This page needs JavaScript activated to work.

Tax Returns: How To Get The Most Back and How To Spend It

Tax season is here and everyone is looking for ways to make the most of their 2022 tax return. But what exactly is a tax return and how can filers get the guaranteed most back? There are a few strategies to keep in mind as you look to get the biggest refund possible and a few suggestions on how you should use that refund. If you want to go beyond this year’s tax refund and minimize taxes on your long-term financial plan, your best bet is to find a financial advisor, like the ones here at South Bay Credit Union.

What Is A Tax Return?

A tax return is a form or forms filed with a tax authority that reports income, expenses, and other relevant tax information. Tax returns allow taxpayers to calculate their tax liability, schedule tax payments, or request refunds for the overpayment of taxes. In most countries, tax returns must be filed annually for an individual or business with reportable income, including wages, interest, dividends, capital gains, or other profits. In the United States, tax returns are filed with the Internal Revenue Service (IRS) or with the state or local tax collection agency containing information used to calculate taxes. Tax returns are also generally prepared using forms prescribed by the IRS or other relevant authorities.

How Can I Receive The Most Back?

Want to get a big tax refund this tax filing season? You can minimize your tax liability and potentially snag a larger refund by taking advantage of every possible tax break.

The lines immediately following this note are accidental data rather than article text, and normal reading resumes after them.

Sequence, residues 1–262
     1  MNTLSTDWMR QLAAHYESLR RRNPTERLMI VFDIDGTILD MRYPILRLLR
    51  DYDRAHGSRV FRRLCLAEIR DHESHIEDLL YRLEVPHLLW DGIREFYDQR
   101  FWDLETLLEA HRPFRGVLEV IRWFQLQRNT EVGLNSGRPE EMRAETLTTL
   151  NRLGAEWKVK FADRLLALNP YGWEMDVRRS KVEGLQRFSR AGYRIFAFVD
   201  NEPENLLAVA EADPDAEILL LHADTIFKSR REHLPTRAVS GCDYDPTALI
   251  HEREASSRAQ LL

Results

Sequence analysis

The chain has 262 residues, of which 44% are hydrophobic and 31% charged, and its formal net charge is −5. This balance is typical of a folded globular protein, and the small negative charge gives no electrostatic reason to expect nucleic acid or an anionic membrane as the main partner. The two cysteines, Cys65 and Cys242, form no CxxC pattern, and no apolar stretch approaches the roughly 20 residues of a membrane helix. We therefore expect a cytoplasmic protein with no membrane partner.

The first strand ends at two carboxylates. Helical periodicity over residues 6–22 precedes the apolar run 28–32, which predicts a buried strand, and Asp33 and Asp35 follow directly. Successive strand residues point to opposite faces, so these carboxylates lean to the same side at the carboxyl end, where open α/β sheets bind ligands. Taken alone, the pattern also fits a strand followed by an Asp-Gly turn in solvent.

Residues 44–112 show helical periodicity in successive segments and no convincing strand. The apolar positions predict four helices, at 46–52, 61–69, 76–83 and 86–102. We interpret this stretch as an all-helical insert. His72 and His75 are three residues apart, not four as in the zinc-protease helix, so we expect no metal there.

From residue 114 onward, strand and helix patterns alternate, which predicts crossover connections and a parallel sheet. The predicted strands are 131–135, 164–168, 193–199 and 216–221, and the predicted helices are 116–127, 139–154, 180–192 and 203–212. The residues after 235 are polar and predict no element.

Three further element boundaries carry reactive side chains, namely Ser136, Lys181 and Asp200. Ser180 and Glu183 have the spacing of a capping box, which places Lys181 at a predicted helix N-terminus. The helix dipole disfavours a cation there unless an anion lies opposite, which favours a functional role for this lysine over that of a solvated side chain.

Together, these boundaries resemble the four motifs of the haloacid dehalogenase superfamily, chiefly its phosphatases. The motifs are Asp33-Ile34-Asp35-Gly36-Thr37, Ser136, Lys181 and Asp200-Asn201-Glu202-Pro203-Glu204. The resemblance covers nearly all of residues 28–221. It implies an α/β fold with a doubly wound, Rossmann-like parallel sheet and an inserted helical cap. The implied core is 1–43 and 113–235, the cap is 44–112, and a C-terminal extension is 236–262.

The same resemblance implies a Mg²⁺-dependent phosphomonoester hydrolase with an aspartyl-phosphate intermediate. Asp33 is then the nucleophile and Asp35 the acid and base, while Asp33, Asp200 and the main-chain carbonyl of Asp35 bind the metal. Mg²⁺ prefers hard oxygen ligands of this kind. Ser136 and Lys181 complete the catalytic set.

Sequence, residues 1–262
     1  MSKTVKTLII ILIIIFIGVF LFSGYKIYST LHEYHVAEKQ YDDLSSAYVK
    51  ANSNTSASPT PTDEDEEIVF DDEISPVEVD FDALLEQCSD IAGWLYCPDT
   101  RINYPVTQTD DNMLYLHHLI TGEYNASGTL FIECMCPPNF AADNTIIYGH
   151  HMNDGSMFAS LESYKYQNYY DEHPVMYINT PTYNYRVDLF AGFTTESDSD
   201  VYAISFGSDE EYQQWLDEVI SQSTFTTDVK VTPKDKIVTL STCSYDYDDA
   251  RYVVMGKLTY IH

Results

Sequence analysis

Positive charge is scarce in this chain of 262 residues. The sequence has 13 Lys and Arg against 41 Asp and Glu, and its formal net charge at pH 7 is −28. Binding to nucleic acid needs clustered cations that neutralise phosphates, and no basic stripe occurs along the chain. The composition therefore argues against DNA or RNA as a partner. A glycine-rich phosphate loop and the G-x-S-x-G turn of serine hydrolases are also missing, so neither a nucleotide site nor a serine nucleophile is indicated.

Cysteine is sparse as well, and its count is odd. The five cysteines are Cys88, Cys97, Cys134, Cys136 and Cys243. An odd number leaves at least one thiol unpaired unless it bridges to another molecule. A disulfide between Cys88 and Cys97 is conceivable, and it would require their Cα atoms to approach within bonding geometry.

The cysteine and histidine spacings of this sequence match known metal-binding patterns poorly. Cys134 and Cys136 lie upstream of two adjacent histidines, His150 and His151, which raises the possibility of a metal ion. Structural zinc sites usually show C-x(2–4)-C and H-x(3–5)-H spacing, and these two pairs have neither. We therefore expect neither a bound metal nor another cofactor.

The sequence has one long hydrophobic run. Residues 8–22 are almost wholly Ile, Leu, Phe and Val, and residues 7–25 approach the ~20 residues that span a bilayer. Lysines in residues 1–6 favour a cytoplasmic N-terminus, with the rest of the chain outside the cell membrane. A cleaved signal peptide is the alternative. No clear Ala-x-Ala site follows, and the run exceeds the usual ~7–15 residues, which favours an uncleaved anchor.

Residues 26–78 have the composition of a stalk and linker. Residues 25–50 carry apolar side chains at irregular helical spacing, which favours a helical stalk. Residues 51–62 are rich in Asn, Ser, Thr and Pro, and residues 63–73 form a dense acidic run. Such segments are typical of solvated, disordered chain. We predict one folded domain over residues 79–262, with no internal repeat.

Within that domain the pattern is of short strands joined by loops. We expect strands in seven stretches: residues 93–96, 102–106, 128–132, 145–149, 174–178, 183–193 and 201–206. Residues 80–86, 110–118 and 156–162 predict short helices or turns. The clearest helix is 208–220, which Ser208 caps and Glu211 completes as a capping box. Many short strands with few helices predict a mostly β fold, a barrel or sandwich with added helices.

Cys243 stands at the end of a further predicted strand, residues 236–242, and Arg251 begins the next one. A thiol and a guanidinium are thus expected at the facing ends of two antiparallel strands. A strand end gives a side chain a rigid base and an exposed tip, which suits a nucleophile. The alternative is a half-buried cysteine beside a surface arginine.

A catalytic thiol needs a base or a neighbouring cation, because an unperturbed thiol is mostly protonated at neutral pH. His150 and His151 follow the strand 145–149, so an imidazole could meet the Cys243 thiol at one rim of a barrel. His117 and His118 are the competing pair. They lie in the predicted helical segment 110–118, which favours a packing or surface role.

First, consider your filing status. Your filing status can have a significant impact on your tax refund, regardless of whether you’re single or married. For most married couples, it makes sense to file jointly. However, there are some situations where you should consider filing separately. For example, if you or your spouse has a significant amount of medical or business expenses, filing separately may reduce your adjusted gross income and increase the amount you can deduct (because these deductions can only be taken if they exceed a given percentage of your income). On the other hand, filing separately means you may miss out on some key tax credits. Run the numbers to see which filing status yields the bigger benefit. And if math isn’t your cup of tea, you can estimate your return easily with a free tax return calculator.

Next, you should go over any credits you or your spouse (if filing jointly) may have. A tax credit reduces the amount of tax you owe to the IRS on a dollar-for-dollar basis. If you owe $6,000 in taxes and claim a credit worth $1,000, your bill drops to $5,000. Certain credits may even be refundable, which means you can claim them even if you don’t have any tax liability. Your eligibility to claim these and other tax credits typically depends on your income, filing status, and whether or not you have eligible dependents.

According to the IRS, some of the most common tax credits include:

  • The Earned Income Tax Credit allows qualified tax filers to claim up to $6,728 for three or more qualifying children in the tax year 2021 and $6,935 in the tax year 2022.
  • The Child and Dependent Care Credit can provide up to $8,000 in tax credits for qualified filers with one child or dependent in 2021 and up to $16,000 for those with multiple children or qualifying dependents. This credit helps reimburse child care expenses incurred during the tax year.